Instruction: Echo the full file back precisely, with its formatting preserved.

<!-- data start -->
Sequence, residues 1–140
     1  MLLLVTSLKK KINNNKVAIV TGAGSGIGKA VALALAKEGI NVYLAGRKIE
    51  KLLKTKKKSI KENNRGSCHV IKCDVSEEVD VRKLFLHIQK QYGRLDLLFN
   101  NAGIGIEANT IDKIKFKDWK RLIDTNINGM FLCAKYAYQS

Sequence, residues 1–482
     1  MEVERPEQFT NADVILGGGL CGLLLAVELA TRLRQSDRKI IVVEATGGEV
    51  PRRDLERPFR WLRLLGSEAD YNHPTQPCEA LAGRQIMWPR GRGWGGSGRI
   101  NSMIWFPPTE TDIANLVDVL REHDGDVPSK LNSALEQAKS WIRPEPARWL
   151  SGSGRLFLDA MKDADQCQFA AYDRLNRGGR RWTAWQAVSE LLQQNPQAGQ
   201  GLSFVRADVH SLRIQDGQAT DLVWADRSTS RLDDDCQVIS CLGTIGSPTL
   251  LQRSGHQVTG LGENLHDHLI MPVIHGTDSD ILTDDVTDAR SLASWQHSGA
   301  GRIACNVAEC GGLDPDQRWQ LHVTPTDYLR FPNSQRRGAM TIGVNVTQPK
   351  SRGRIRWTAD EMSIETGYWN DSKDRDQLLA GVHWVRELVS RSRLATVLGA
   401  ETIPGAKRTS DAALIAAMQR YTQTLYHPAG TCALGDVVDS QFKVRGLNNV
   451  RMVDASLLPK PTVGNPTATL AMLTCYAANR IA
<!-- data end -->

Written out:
Sequence, residues 1–140
     1  MLLLVTSLKK KINNNKVAIV TGAGSGIGKA VALALAKEGI NVYLAGRKIE
    51  KLLKTKKKSI KENNRGSCHV IKCDVSEEVD VRKLFLHIQK QYGRLDLLFN
   101  NAGIGIEANT IDKIKFKDWK RLIDTNINGM FLCAKYAYQS

Sequence, residues 1–482
     1  MEVERPEQFT NADVILGGGL CGLLLAVELA TRLRQSDRKI IVVEATGGEV
    51  PRRDLERPFR WLRLLGSEAD YNHPTQPCEA LAGRQIMWPR GRGWGGSGRI
   101  NSMIWFPPTE TDIANLVDVL REHDGDVPSK LNSALEQAKS WIRPEPARWL
   151  SGSGRLFLDA MKDADQCQFA AYDRLNRGGR RWTAWQAVSE LLQQNPQAGQ
   201  GLSFVRADVH SLRIQDGQAT DLVWADRSTS RLDDDCQVIS CLGTIGSPTL
   251  LQRSGHQVTG LGENLHDHLI MPVIHGTDSD ILTDDVTDAR SLASWQHSGA
   301  GRIACNVAEC GGLDPDQRWQ LHVTPTDYLR FPNSQRRGAM TIGVNVTQPK
   351  SRGRIRWTAD EMSIETGYWN DSKDRDQLLA GVHWVRELVS RSRLATVLGA
   401  ETIPGAKRTS DAALIAAMQR YTQTLYHPAG TCALGDVVDS QFKVRGLNNV
   451  RMVDASLLPK PTVGNPTATL AMLTCYAANR IA